Categories
Coaching Leadership

Fail in Novel Ways

To be successful, you have to take risks. If you take risks, then sometimes you are going to fail. When you fail, you need to learn from what went wrong.

As a leader, it’s important for you to put in the effort to learn some things before they are actually seen in your context. The risks you take should be smart, and they are smart if you’ve thought about, and mitigated, the familiar ways to fail.

You should always strive to make your failures novel.

If it’s easily predictable, something that’s failed similarly before or a direct repeat of a failing in the past, then you haven’t learnt what you needed. You are letting down those that rely on you.

This Saturday, Swatch launched their Moonswatch, a collaboration with Omega. Only to be sold in stores, available on launch date in limited numbers. Wildly anticipated, certain to be incredibly popular.

These types of product drops are becoming more familiar in retail environments, and there’s a standard playbook to manage them.

Unfortunately, this playbook didn’t make it out to every store. Some managed well and gave people a great experience. Some really didn’t, leading to scrums in the street, the police being called and stores closing a few minutes after opening.

There’s a school of thought that all publicity is good, but here the company could have avoided the bad with better planning and just basked in the good of a well managed launch, a popular item selling out fast and lines of people waiting for their chance.

What basic mistake are you going to avoid? What can you learn today to make sure your next failure is a novel one.

Categories
Coaching Leadership

Space to Fail

When you are learning a new skill, or mastering a new endeavour, you must give yourself space to fail.

If a change is going to be meaningful, there will be risk of failure. However, you can reduce your overall chance of failure by giving yourself the opportunity to make small mistakes, and learn from them.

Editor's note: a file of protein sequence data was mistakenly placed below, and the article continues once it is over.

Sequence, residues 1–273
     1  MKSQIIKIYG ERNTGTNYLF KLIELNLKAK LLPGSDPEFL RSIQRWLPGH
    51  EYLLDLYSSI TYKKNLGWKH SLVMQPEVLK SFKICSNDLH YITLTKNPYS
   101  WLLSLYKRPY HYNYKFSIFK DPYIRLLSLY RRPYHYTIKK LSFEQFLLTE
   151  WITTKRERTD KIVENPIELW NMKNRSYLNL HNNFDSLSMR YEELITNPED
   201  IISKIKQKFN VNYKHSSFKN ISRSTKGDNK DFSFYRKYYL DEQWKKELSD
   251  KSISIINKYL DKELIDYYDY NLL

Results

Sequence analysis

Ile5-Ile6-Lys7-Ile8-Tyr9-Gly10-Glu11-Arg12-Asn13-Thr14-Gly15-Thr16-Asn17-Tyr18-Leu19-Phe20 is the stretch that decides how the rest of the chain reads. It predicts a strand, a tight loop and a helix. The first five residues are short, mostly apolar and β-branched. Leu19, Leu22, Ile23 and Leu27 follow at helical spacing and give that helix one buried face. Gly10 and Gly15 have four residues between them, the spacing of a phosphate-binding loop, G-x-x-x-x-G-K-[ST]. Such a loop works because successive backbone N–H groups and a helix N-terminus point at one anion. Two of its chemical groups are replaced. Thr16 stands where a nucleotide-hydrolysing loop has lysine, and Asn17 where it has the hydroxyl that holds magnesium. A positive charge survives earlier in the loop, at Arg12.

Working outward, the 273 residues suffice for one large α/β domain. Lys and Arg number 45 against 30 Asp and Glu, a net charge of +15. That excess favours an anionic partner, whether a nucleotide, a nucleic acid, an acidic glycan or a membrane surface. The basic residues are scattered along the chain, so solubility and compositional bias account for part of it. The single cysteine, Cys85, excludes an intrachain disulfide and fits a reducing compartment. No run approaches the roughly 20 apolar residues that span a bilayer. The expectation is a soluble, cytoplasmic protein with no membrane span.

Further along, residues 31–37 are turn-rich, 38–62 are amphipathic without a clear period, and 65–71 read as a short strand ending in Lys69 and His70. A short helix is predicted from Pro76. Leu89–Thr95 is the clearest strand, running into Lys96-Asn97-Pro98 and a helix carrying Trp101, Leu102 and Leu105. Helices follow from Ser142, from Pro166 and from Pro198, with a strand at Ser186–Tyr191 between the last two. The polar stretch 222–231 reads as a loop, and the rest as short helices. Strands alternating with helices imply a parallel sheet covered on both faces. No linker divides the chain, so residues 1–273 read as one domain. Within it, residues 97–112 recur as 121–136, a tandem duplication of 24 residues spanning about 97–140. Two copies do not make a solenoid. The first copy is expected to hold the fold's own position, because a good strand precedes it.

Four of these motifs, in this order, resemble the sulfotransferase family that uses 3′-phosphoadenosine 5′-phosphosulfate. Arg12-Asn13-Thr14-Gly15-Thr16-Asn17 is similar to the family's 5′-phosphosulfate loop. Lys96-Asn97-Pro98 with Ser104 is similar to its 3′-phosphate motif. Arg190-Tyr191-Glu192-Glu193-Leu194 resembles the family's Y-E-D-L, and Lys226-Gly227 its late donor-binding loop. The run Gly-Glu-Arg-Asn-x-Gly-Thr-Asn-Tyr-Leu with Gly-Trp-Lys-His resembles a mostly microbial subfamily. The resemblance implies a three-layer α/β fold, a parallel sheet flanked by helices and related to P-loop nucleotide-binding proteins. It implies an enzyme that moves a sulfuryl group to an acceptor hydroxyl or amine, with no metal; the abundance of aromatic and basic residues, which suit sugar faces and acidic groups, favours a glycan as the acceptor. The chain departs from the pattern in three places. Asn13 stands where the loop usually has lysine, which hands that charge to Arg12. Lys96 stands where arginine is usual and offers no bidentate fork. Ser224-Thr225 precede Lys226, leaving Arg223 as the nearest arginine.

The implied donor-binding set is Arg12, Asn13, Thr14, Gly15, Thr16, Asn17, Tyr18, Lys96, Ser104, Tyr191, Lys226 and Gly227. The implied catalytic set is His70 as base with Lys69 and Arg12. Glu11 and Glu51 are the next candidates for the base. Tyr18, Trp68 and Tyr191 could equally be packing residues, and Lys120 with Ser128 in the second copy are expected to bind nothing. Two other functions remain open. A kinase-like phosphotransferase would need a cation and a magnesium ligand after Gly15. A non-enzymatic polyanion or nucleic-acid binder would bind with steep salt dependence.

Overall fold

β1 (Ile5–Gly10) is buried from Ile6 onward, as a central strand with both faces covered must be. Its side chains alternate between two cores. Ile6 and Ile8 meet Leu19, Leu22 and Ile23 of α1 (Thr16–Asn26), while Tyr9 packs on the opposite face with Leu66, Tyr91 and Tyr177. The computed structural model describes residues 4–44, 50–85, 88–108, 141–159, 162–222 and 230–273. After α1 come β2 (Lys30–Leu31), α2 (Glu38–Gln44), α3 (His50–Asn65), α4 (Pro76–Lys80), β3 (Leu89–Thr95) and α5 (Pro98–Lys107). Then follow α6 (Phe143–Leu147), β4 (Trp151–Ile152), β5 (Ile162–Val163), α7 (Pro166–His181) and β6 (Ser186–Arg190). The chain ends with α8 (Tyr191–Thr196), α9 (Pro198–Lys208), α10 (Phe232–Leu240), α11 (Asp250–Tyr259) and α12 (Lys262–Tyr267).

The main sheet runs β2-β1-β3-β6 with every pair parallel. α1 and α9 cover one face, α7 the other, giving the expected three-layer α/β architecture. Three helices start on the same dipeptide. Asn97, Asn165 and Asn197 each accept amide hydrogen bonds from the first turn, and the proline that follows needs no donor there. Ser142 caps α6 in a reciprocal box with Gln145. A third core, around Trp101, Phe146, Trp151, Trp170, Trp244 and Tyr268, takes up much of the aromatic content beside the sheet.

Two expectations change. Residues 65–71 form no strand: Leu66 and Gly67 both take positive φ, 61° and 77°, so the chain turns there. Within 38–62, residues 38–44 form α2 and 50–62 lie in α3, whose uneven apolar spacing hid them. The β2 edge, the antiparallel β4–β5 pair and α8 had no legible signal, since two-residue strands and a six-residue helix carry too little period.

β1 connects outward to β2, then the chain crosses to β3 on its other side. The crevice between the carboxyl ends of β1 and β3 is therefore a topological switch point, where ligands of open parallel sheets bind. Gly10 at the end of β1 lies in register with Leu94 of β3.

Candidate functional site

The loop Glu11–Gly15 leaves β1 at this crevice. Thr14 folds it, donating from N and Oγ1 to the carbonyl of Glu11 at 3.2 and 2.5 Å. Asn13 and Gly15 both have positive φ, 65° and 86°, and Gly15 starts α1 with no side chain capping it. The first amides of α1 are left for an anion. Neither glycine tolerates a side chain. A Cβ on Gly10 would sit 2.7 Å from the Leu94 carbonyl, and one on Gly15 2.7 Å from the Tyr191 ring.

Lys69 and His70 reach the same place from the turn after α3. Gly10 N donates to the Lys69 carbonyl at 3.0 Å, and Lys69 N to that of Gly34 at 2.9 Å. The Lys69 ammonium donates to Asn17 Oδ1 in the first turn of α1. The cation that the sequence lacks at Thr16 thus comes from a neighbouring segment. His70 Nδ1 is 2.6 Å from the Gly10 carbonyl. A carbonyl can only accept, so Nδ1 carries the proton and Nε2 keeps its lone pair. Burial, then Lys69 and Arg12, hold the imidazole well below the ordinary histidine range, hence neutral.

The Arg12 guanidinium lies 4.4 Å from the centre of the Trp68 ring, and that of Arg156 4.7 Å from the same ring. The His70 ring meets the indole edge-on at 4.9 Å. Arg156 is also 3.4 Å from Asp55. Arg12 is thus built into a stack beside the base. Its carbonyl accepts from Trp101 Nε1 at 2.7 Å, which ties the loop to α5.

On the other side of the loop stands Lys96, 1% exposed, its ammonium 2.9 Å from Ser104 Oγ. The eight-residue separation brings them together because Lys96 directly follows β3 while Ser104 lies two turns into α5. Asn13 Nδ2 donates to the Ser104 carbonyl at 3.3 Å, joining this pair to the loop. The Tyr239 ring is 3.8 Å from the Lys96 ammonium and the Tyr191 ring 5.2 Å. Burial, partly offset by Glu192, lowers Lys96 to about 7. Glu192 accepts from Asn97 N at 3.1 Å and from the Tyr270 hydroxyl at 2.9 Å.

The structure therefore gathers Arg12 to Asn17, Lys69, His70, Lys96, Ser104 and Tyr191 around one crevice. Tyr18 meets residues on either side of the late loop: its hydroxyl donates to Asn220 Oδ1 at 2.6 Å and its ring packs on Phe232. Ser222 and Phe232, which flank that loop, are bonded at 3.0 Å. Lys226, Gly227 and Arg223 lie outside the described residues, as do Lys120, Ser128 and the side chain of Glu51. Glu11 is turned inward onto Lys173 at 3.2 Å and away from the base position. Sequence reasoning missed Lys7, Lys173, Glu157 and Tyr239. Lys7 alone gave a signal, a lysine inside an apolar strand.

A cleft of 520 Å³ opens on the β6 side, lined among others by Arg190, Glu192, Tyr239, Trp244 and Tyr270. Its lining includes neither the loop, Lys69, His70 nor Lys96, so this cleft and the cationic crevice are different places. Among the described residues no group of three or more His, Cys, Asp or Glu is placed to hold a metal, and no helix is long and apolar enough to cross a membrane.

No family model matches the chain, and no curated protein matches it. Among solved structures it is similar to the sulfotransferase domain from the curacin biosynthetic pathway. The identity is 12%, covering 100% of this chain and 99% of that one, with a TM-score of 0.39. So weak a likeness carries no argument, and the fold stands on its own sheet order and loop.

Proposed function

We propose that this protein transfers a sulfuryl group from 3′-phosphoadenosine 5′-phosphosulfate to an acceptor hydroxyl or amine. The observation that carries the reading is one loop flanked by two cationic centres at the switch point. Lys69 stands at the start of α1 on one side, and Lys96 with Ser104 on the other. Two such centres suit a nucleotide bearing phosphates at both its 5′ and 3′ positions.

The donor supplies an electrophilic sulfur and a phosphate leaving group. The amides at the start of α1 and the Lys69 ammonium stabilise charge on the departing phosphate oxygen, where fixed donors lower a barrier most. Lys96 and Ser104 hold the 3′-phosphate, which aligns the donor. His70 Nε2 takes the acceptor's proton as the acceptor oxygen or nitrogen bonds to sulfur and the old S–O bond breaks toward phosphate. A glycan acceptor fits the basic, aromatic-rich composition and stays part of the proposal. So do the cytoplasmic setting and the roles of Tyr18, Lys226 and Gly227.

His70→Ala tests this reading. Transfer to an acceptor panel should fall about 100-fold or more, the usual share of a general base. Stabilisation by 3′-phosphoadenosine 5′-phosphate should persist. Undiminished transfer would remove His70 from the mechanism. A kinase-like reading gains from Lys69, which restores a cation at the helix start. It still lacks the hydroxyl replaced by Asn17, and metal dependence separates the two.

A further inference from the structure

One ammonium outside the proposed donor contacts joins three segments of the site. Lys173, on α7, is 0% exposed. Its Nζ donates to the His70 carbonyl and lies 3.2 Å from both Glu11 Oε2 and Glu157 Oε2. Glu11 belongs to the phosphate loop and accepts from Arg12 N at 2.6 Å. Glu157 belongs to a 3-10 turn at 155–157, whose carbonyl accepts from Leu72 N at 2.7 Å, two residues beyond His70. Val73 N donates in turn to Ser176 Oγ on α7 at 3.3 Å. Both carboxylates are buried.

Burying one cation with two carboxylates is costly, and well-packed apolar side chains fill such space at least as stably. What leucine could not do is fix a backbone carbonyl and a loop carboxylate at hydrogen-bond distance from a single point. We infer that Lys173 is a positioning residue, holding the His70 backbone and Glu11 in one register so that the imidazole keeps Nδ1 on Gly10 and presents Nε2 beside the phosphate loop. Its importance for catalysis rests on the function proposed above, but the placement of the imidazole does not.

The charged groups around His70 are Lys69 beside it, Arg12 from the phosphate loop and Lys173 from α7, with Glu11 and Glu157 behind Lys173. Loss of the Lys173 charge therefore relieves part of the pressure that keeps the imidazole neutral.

If you don’t embrace this, then you’ll turn the situation into a binary all-or-nothing. Success / Fail. Yes / No. Put in such stark terms, you may well just choose to do nothing, which is a painful way to miss out on reaching your true potential.

Rather than letting this risk become a big thing, make it small. Embrace an amount of failure as you learn. If it’s perfect first time, then you didn’t find enough to challenge yourself.

In the Build – Measure – Learn model of the Lean Startup, you find an approach that celebrates giving this space. It pushes you to iterate quickly thorough ideas, learn what works and what doesn’t, and to then refine the outcome.

You can apply this model to your own goals and the options you consider when attempting to reach them. Don’t phrase something as all or nothing. Think about the iterative steps you’ll use. How you’ll learn from things that didn’t go so well so you’ll improve the next time.

Once you’ve started, you can correct your course. Doing it little and often means that no one experience is catastrophic. You start of failing and learning, then you start to succeed and finally you are achieving at a high level.

Give yourself space to fail, and you’ll get to success far sooner.